Isle of Arran Concert by Dr. Deborah Nemko: Music of Remembrance and Celebration
When music professor, researcher, and pianist Dr. Deborah Nemko performed to standing-room-only crowds on Arran in late 2019, nobody could have guessed it would be the last live event the Arran Jewish Cultural Association would sponsor for over two years. At the time, Dr. Nemko was visiting Alice Maxwell of Lamlash, a friend since their days attending Manchester University. Their reunion in August, 2019 inspired a house concert hosted by Alice Maxwell featuring “Music in the Time of Anne Frank”.
Dr. Nemko’s research specialty is recovering works composed by Dutch composers during the holocaust and restoring them to the performance repertory. With the pandemic ebbing, Dr. Nemko agreed to perform a new house concert at Alice Maxwell’s Lamlash home. Appropriately, her return on 27 August heralded the first new live event for Arran Jewish Cultural Association. Deborah Nemko presented a program of Music of Remembrance and Celebration, featuring suppressed and forgotten works by Dutch Jewish composers and their non-Jewish allies.
Hosted by Alice Maxwell in her Lamlash home, Dr. Nemko’s house concert provided a mix of stunning performances of holocaust-era composers. But what made the evening truly memorable was Dr. Nemko’s commentary combining the composers’ stories with her memorable renditions of their works.
We heard how Dick Kattenburg composed even while in hiding from the Nazis, and how his life and brilliant musical career ended when he was captured and sent to Auschwitz, murdered at age 24. In playing his composition Deux Valses, Dr. Nemko treated her audience to Kattenburg’s bright and optimistic blend of jazz and echoes of Ravel. When child prodigy pianist Fania Chapiro’s performing career was cut short by the war, she began to compose, eventually returning to performance after the war. In compositions such as Prélude, we hear Chapiro’s combination of lyrical and romantic themes.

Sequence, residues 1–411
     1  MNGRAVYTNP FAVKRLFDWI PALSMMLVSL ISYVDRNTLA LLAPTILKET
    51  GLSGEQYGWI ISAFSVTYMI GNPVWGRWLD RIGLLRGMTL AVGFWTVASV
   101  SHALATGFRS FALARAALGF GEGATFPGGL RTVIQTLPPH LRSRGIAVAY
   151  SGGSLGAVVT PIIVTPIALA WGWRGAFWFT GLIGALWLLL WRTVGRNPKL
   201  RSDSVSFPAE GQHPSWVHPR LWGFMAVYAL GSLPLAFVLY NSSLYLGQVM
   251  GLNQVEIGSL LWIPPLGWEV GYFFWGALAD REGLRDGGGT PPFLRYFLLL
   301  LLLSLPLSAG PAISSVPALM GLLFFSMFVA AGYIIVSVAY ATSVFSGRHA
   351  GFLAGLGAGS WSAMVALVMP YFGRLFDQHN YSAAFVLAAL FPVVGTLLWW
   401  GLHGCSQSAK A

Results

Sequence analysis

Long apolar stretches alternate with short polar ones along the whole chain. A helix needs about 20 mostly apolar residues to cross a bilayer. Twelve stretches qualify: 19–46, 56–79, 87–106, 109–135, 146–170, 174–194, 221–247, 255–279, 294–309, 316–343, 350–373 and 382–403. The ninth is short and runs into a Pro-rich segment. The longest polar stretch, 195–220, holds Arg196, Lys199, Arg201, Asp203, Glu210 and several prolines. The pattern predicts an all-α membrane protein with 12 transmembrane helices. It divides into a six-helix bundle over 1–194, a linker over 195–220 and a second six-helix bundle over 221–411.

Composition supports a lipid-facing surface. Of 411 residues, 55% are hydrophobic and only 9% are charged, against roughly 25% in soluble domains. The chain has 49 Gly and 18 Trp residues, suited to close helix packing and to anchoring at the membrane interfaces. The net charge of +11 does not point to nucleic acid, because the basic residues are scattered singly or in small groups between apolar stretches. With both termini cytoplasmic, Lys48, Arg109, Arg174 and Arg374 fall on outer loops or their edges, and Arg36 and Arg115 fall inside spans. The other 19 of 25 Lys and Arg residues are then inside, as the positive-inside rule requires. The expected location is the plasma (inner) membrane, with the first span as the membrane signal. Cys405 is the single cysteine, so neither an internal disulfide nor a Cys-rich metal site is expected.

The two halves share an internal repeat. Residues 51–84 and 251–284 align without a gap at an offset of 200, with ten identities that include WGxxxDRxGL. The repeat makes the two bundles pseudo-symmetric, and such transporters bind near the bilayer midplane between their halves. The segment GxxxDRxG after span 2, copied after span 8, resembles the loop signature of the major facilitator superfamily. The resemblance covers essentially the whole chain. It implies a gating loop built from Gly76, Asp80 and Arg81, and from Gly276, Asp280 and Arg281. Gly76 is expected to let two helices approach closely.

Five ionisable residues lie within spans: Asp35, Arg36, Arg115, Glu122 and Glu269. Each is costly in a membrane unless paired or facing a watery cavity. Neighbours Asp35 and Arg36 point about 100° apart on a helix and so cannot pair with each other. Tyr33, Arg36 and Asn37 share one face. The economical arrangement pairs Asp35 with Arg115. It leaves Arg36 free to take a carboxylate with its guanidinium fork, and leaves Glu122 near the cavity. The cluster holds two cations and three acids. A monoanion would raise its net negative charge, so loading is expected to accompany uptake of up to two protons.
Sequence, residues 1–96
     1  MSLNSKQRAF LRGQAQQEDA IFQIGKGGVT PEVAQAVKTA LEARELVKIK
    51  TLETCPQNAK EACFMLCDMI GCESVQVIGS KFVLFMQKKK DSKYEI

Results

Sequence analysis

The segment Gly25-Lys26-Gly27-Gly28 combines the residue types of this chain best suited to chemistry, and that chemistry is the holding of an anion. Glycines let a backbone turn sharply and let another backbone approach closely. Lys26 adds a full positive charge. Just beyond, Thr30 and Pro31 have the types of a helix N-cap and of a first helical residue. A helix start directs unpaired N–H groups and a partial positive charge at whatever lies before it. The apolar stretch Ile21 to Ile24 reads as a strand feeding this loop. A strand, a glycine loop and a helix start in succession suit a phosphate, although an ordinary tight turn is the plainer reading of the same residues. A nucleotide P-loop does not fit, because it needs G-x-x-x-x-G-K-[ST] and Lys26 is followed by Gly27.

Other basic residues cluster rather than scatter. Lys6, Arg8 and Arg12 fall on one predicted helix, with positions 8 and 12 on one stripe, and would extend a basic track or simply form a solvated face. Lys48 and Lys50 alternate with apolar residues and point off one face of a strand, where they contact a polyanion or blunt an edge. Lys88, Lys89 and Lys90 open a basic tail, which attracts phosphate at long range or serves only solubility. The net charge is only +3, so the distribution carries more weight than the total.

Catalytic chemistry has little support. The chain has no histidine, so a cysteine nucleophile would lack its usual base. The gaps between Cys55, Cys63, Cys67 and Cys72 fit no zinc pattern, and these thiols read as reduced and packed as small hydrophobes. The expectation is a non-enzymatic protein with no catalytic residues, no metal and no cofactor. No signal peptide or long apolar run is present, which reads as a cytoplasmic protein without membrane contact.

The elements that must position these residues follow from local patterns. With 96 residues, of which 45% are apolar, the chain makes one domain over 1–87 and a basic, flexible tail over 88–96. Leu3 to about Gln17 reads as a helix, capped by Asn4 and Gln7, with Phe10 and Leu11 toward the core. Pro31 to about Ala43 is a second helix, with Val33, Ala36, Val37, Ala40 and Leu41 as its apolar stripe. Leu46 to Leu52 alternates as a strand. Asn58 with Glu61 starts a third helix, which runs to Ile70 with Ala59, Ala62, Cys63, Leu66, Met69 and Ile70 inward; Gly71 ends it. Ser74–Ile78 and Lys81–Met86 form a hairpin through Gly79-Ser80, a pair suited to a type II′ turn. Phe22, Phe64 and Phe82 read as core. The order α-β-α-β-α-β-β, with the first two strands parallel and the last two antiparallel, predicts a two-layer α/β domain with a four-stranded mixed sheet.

Before playing Petite Rhapsodie Hongroise, Dr. Nemko explained that composer Géza Frid was a Hungarian musician trapped in the Netherlands at the beginning of World War II. Forbidden to perform, he spent his war years as a member of the resistance, becoming a prolific forger of coupons and identity documents. The program also included Le Tombeau de Couperin by Maurice Ravel, and Berceuse by Johanna Bordewijk-Roepman, musicians whose support of Jewish composers led to Nazi suppression of their own works and performing. The concert ended on a popular high note as Dr. Nemko’s piano joined with Alice Maxwell on violin in two rousing final pieces.
The crowd who gathered to listen to Dr. Nemko’s playing and comments greeted the return of live performances with enthusiasm and delight. Chatting around a groaning table of shared treats, all agreed they are looking forward to future events on Arran.
With many thanks to Barb Taub for her words and images. All photo credits: Barb Taub, apart from featured image,credit: Deborah Nemko.